In those days there was no king in Israel. Everyone did what was right in his own eyes.
The people of Israel had "no king", but the problem was that they had the best king yet refused to acknowledge and obey Him. In practice they had no king. But the unseen reality was that God was their king. The rejection of him caused all sorts of strife. We see a cycle throughout the book of Judges. Israel serves the Lord --> Israel falls into sin and idolatry --> Israel is enslaved --> Israel cries out to the Lord --> God raises up a judge --> Israel is delivered --> and the cycle starts all over again.

If only the people of Israel had remained faithful in serving the Lord, they would've avoided their desire to have an earthly king. Too often we make our major decisions when we are in the wrong place on the cycle. Many of our decisions, as was the nation of Israel's, are made when we are in sin and idolatry. The key to making wise decisions is to get out of this terrible cycle and keep God the king of our lives and make our major decision when we are faithfully serving the Lord.

1 Samuel 18
1 When Samuel became old, he made his sons judges over Israel. 2 The name of his firstborn son was Joel, and the name of his second, Abijah; they were judges in Beersheba. 3 Yet his sons did not walk in his ways but turned aside after gain. They took bribes and perverted justice.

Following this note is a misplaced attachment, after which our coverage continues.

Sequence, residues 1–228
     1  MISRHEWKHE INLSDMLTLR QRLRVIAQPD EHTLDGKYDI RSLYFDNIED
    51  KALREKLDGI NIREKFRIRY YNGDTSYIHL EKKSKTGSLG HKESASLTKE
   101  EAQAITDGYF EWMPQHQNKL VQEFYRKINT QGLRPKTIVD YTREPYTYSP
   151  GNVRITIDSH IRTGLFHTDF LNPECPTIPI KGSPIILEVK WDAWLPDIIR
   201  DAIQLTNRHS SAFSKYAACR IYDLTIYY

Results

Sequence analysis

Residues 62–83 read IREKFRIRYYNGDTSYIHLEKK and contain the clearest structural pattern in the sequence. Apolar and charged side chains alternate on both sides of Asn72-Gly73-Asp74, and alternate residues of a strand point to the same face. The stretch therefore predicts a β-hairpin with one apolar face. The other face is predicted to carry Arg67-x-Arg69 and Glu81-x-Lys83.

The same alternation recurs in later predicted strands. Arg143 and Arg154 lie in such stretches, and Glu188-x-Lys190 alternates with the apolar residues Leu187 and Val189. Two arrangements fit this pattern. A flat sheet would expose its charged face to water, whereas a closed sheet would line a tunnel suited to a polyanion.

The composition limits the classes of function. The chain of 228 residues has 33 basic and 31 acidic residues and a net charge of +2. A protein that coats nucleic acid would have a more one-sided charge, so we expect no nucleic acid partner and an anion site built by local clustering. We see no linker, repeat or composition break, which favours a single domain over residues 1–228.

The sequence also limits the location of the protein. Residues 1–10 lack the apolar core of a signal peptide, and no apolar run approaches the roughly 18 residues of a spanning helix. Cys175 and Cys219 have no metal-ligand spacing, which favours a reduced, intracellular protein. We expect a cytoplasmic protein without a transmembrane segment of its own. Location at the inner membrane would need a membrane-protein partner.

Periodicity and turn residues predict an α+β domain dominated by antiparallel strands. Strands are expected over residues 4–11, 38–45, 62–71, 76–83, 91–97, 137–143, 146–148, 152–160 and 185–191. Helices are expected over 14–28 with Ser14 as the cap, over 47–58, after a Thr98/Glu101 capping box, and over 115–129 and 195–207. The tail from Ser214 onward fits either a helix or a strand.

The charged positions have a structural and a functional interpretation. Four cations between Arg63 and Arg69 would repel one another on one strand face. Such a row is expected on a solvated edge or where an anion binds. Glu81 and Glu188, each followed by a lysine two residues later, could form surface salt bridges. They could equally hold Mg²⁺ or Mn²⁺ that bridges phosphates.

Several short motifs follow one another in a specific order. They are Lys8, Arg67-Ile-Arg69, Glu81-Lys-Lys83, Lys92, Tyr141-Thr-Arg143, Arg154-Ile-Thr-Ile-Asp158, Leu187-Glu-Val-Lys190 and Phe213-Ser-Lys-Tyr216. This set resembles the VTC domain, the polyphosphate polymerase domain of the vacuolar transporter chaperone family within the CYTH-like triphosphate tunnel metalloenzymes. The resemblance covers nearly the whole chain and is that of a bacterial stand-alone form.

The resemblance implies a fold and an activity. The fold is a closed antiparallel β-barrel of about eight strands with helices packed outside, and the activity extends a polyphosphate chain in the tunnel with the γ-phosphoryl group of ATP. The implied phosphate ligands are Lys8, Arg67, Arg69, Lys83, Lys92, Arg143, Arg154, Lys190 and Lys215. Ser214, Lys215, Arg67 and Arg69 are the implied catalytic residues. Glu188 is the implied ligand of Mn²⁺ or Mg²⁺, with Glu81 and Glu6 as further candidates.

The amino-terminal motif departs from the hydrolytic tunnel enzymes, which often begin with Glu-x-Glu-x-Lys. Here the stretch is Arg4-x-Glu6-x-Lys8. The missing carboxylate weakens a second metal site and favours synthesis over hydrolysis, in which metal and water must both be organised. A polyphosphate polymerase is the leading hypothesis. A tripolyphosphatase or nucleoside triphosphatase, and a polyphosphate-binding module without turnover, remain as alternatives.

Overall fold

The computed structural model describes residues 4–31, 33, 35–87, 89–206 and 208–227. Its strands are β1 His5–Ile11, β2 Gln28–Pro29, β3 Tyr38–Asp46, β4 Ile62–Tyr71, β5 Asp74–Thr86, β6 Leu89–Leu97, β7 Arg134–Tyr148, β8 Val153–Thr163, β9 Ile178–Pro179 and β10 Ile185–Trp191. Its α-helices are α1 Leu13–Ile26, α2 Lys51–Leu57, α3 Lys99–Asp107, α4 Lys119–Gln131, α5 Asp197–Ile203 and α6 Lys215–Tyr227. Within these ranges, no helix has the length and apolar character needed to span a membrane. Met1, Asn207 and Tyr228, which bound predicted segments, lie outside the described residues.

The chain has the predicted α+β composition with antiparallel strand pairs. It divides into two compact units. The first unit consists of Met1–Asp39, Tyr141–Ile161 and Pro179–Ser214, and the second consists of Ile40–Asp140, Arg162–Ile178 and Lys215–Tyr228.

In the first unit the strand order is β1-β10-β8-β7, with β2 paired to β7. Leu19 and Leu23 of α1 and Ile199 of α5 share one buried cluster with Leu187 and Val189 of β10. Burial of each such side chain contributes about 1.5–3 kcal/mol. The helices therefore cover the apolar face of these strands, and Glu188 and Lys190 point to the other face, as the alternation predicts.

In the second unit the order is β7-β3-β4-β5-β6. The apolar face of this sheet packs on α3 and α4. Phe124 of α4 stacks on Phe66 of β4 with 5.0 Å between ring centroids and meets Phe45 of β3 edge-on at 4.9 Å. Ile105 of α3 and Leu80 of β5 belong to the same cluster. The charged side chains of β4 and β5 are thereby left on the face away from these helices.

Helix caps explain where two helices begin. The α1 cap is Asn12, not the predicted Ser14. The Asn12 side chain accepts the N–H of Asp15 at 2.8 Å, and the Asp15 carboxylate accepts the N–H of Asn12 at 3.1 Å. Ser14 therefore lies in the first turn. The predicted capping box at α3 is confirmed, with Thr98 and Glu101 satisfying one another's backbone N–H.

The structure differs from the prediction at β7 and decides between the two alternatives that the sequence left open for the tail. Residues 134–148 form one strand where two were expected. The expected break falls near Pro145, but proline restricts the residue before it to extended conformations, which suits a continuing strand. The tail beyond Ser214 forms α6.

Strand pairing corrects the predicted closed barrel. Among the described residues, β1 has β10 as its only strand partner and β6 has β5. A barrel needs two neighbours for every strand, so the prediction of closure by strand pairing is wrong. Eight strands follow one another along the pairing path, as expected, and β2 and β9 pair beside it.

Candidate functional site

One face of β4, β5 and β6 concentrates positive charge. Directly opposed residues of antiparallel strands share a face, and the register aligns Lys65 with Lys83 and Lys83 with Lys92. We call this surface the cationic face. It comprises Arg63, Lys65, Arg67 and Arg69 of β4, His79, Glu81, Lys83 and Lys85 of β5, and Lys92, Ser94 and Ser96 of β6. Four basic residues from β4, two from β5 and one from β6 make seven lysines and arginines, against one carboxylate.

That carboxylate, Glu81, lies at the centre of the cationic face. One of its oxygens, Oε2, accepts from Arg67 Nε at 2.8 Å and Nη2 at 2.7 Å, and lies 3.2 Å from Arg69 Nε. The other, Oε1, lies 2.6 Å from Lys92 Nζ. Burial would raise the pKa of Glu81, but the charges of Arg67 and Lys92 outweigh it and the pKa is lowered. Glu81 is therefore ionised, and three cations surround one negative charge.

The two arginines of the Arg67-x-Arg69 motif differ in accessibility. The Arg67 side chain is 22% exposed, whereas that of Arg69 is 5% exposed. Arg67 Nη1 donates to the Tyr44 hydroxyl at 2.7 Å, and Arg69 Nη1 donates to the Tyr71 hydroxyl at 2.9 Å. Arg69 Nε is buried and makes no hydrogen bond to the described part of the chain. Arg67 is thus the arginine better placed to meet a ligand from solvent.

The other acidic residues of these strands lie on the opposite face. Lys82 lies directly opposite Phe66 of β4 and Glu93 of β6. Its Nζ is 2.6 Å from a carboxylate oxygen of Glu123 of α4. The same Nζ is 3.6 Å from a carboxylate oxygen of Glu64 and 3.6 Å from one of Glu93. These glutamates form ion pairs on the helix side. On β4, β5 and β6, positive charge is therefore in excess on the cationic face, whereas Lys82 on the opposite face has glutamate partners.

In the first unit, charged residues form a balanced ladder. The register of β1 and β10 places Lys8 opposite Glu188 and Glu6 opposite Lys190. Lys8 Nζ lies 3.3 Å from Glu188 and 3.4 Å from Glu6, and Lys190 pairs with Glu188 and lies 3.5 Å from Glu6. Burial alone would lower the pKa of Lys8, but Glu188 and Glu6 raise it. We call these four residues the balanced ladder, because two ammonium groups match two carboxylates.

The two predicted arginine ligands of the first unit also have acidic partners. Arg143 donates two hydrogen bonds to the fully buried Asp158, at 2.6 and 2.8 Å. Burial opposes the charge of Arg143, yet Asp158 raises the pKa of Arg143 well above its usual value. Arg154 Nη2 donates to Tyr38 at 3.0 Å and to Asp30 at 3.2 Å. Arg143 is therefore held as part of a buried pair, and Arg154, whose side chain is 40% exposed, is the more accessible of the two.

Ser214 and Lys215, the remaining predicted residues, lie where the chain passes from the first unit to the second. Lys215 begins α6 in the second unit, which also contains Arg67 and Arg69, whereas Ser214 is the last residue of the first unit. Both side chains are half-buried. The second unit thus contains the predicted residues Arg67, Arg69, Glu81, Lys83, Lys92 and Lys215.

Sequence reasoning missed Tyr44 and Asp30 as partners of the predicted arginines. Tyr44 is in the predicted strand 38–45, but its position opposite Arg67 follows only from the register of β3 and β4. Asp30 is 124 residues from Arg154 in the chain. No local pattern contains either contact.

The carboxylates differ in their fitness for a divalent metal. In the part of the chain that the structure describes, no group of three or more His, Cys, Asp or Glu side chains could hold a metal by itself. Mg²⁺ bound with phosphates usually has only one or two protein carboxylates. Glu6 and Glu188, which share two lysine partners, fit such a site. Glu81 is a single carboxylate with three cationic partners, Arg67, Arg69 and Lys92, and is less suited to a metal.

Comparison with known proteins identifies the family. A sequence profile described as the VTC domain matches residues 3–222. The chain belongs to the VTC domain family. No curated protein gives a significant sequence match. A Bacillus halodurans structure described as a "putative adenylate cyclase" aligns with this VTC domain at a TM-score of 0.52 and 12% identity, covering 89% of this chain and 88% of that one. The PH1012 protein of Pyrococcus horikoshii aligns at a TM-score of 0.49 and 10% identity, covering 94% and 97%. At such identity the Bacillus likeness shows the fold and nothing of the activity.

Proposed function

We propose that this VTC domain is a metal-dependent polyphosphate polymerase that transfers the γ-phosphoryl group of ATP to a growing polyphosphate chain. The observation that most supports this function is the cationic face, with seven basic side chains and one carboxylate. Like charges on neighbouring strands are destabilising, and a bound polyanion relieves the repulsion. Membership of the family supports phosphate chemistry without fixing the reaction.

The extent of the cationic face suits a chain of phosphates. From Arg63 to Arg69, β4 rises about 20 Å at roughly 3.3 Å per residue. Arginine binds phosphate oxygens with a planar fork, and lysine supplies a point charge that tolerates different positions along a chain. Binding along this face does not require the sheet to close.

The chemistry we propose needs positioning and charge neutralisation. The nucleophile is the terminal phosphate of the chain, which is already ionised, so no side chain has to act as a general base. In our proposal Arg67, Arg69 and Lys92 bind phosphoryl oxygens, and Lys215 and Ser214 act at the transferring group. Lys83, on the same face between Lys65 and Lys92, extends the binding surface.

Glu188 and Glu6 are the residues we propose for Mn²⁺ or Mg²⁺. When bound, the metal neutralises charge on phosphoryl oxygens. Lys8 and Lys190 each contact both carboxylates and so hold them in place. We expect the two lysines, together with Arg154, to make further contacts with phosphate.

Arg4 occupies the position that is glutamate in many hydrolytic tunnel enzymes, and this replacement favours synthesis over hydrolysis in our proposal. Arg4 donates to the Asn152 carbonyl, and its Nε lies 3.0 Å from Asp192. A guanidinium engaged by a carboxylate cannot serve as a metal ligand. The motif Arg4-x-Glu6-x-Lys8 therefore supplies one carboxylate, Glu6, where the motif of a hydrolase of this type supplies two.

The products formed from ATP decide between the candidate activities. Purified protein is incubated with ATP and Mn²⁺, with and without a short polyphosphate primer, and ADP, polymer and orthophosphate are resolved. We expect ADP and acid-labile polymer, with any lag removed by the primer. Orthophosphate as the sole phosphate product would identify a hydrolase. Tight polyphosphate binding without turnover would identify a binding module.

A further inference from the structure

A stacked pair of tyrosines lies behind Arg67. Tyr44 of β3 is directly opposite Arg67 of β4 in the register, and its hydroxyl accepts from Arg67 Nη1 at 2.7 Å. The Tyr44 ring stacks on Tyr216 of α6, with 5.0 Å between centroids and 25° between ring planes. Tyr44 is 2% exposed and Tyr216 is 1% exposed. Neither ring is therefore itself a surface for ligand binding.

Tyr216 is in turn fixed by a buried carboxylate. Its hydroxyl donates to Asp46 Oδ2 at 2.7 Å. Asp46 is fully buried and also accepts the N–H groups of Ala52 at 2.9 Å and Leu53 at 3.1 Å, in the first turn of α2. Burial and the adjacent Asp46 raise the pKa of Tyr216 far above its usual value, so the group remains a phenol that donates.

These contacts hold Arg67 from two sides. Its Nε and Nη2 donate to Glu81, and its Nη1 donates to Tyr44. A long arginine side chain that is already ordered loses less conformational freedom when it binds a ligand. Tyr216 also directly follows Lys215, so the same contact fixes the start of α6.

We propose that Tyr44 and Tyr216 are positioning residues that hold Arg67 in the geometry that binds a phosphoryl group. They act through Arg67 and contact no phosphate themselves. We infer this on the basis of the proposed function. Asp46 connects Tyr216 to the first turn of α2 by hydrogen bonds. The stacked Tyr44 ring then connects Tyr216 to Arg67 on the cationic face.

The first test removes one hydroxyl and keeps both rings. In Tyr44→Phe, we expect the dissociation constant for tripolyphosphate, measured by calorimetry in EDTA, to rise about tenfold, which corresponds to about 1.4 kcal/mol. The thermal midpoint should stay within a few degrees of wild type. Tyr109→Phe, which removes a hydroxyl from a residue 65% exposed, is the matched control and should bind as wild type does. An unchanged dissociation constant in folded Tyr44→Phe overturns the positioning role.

4 Then all the elders of Israel gathered together and came to Samuel at Ramah 5 and said to him, Behold, you are old and your sons do not walk in your ways. Now appoint for us a king to judge us like all the nations. 6 But the thing displeased Samuel when they said, Give us a king to judge us. And Samuel prayed to the Lord. 7 And the Lord said to Samuel, Obey the voice of the people in all that they say to you, for they have not rejected you, but they have rejected me from being king over them. 8 According to all the deeds that they have done, from the day I brought them up out of Egypt even to this day, forsaking me and serving other gods, so they are also doing to you. 9 Now then, obey their voice; only you shall solemnly warn them and show them the ways of the king who shall reign over them. 10 So Samuel told all the words of the Lord to the people who were asking for a king from him. 11 He said, These will be the ways of the king who will reign over you: he will take your sons and appoint them to his chariots and to be his horsemen and to run before his chariots. 12 And he will appoint for himself commanders of thousands and commanders of fifties, and some to plow his ground and to reap his harvest, and to make his implements of war and the equipment of his chariots. 13 He will take your daughters to be perfumers and cooks and bakers. 14 He will take the best of your fields and vineyards and olive orchards and give them to his servants. 15 He will take the tenth of your grain and of your vineyards and give it to his officers and to his servants. 16 He will take your male servants and female servants and the best of your young men and your donkeys, and put them to his work. 17 He will take the tenth of your flocks, and you shall be his slaves. 18 And in that day you will cry out because of your king, whom you have chosen for yourselves, but the Lord will not answer you in that day. 19 But the people refused to obey the voice of Samuel. And they said, No! But there shall be a king over us, 20 that we also may be like all the nations, and that our king may judge us and go out before us and fight our battles. 21 And when Samuel had heard all the words of the people, he repeated them in the ears of the Lord. 22 And the Lord said to Samuel, Obey their voice and make them a king. Samuel then said to the men of Israel, Go every man to his city.